Dr. Robert Axelrad Dental Office

Making Brampton Smile Since 1997

Follow us

tongue thrust

tongue thrust

Try this…Push your tongue forward until it protrudes through your mouth.

You may notice that it encounters and pushes against the back of your upper teeth as it does so.

This singular action is ok, because it is just that…a single occurrence. But could you imagine this happening over and over again?

This will help to put things in perspective: in a 24 hour period a person swallows between 1,200 and 2,000 times.

Under normal circumstances, when you swallow, your tongue is supposed to move upwards towards your palate.

A tongue thrust is when the tongue is projected towards the front teeth and then exits the mouth. So, you can only imagine that if this ‘action’ is occurring so frequently, there will most likely be adverse effects regarding the teeth.

Note: Each time a person swallows, the tongue exerts about four pounds of pressure, so the repeated action of doing this is not favorable for the teeth.

Remember, we swallow between 1200-2000 times per day.

Tongue thrusts are a normal occurrence in children, but this action is usually over by six years of age. If it goes on past this age, the following problems may result:

1. Open Bite: The repeated action of pushing the tongue forwards results in a ‘buck tooth’ appearance. It is called an open bite because there ends up being a space between the upper and lower front teeth (see image above). With a normal or desirable bite, there wouldn’t be a space and if there was, it would just be a small one.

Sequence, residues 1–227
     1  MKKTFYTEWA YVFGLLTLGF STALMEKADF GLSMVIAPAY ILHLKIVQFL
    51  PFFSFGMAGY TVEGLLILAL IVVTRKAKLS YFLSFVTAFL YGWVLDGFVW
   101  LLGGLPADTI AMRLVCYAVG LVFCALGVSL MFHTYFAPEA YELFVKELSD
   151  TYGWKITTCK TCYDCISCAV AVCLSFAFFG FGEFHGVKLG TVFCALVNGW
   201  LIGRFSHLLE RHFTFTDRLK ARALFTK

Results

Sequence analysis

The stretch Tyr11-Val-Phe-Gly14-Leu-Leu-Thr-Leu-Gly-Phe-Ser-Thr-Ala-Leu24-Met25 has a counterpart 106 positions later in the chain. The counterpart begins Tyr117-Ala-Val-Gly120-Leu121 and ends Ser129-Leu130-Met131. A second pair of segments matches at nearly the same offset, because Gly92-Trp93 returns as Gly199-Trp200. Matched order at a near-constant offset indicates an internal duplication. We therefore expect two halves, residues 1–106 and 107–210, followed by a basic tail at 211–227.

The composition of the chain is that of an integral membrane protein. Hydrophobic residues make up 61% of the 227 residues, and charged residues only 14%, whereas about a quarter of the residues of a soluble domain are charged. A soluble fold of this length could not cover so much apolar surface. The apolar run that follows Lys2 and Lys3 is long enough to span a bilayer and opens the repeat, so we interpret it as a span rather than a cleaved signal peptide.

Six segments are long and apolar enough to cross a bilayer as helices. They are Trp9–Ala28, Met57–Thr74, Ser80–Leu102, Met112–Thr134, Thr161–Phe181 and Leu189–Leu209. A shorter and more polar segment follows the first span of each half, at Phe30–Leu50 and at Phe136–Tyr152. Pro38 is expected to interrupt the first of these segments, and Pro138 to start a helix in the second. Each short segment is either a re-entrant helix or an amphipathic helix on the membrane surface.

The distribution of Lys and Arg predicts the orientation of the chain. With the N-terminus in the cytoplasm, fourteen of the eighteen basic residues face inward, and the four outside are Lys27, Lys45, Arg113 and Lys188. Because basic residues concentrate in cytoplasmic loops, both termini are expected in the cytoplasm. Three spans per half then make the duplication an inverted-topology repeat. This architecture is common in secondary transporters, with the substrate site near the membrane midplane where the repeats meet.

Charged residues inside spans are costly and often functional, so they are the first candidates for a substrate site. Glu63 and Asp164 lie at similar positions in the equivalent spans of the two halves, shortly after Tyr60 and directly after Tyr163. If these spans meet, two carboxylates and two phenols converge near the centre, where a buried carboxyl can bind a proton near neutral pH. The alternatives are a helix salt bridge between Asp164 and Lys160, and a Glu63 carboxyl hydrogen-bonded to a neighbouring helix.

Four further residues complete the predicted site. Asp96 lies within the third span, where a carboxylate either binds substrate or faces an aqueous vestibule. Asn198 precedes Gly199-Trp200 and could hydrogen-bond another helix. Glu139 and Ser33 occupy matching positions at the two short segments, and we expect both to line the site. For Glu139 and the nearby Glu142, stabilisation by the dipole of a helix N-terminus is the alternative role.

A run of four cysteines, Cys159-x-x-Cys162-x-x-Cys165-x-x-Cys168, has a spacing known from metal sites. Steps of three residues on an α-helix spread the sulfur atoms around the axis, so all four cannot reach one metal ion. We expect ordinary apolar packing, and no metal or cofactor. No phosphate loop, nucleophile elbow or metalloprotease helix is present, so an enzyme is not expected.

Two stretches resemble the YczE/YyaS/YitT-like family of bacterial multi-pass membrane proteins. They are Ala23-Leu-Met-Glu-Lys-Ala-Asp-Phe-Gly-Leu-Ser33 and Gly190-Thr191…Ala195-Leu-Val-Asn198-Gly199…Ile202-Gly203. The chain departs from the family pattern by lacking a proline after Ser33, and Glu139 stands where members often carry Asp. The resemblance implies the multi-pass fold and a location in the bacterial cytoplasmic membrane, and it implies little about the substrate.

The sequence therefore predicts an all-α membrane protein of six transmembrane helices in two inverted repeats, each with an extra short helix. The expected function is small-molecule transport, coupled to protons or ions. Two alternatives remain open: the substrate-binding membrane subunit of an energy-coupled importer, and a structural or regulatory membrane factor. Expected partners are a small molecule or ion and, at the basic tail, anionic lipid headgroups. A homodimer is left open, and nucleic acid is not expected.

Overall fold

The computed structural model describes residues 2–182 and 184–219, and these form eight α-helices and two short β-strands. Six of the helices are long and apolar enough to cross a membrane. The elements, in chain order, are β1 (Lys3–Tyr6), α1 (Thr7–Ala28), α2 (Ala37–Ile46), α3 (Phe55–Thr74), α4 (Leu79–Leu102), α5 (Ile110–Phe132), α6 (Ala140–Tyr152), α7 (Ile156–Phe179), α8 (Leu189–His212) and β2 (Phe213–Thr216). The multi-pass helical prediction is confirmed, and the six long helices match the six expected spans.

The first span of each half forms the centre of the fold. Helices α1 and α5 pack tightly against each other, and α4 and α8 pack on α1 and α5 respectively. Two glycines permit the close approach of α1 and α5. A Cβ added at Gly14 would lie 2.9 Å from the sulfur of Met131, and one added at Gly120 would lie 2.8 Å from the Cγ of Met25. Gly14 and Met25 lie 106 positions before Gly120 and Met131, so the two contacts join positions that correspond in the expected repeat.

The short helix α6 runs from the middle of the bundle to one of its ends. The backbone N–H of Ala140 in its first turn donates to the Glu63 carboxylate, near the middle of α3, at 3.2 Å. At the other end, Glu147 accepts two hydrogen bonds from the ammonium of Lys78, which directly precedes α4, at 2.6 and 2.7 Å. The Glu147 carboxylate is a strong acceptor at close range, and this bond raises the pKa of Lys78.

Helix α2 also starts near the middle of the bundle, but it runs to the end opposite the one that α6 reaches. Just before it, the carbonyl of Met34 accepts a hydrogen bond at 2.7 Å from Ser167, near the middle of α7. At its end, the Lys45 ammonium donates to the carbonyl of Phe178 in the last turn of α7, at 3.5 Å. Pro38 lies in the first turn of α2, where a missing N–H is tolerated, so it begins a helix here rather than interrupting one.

2. Speech problems: Tongue thrusters tend to ‘lisp’ when pronouncing an ‘s’

3. Facial Boney Development: Due to the repeated force of the tongue thrusting forward, not only do the teeth become angled forward, but the bone that they are anchored into gets shaped differently as well. The shape of the bone changes when forces are applied to it: this is just a property of bone, especially the young ‘malleable’ bone in children.


There are basically two ways to treat a tongue thrust:

• Via the help of a trained specialist: we try to retrain the muscles that are responsible for swallowing. Through special exercises the tongue is trained to move upwards towards the palate and not protrude forwards and exit through the mouth.

• An appliance can be made to prevent the tongue thrust. It is similar to a night guard and can be either removable or fixed in the mouth. Removable means we can take the appliance in and out of the mouth. Fixed means ‘it’ is cemented into the mouth; we can’t take it out.

I hope that you’ve enjoyed learning about Tongue Thrust. Now on to a tongue twister: “How much wood, would a Woodchuck chuck, if a Woodchuck could chuck wood? ’’

Yours in happy smiles,

Rob Axelrad

We're getting very excited about returning to work and seeing patients again!  The green light has yet to come from the government, but we are ready now.  Being ready means being safe.  The following safety measures have been put in place to protect patients and staff.

Safety Measures:

  • A plexiglass barrier stands on the front desk in the waiting room.
  • All patients will have their temperature taken with a non-touch digital infra-red thermometer.
  • All staff will wear a mask, gloves, gown, bonnet, goggles and face shield.
  • Hand sanitizers will be readily available for staff and patient use.
  • Patients will wait outside or in their car until their appointment time.
  • No visitors are permitted in the office.
  • Social distancing will remain in effect in the office.
  • Patients experiencing influenza-like-illness (fever with a cough, sore throat or muscle aches) should not come to the office.

We really look forward to seeing everyone again!

Until then, please stay safe and healthy.